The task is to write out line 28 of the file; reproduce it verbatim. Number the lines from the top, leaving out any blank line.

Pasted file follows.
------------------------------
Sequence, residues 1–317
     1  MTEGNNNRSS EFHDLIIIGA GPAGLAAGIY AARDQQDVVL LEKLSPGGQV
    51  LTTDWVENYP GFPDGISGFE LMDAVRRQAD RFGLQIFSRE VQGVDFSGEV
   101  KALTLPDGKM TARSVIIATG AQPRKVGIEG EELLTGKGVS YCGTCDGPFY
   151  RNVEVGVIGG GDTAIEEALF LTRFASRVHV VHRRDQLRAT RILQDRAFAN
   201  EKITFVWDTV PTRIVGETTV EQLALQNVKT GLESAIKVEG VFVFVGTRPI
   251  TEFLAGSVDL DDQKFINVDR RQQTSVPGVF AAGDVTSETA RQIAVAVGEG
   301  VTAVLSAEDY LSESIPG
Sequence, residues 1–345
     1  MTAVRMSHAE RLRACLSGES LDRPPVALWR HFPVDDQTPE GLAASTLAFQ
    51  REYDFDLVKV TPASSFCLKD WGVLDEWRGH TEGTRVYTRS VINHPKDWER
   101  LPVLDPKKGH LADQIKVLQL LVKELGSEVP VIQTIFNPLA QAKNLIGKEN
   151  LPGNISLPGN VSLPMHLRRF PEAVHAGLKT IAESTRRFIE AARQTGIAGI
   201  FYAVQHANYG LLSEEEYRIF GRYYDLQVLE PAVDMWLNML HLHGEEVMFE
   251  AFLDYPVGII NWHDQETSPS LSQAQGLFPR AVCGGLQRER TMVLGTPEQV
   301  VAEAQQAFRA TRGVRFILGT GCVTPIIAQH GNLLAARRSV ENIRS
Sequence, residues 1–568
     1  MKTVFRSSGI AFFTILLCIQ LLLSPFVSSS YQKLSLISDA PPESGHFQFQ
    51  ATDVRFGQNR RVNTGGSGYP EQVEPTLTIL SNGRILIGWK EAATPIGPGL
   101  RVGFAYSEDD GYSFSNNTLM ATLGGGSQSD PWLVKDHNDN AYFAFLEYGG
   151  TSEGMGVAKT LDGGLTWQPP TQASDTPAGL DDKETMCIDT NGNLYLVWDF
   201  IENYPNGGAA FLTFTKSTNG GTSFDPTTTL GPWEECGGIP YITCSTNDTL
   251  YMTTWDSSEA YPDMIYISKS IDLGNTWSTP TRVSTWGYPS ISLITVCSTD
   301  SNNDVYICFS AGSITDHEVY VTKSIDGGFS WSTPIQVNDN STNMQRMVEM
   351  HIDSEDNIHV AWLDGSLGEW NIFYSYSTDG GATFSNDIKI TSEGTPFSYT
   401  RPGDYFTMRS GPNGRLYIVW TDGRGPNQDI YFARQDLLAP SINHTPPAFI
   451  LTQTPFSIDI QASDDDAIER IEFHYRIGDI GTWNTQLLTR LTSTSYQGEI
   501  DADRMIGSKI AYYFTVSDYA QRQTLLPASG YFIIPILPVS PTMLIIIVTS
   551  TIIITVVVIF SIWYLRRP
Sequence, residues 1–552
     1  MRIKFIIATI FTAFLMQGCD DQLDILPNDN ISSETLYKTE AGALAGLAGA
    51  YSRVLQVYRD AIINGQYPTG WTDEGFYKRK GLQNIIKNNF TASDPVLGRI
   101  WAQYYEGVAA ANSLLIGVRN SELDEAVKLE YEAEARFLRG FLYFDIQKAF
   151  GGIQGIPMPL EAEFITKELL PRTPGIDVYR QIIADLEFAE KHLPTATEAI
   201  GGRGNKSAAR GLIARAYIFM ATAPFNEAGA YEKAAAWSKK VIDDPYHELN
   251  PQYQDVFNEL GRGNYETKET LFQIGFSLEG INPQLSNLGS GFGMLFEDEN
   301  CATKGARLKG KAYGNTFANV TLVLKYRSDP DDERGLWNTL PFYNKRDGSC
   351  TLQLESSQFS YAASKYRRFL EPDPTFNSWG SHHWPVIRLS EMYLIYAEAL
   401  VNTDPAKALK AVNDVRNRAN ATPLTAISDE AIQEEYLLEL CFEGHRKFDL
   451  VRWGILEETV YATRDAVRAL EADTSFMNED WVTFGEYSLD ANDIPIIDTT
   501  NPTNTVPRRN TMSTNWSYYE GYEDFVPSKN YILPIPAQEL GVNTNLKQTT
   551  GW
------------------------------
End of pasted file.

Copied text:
   501  DADRMIGSKI AYYFTVSDYA QRQTLLPASG YFIIPILPVS PTMLIIIVTS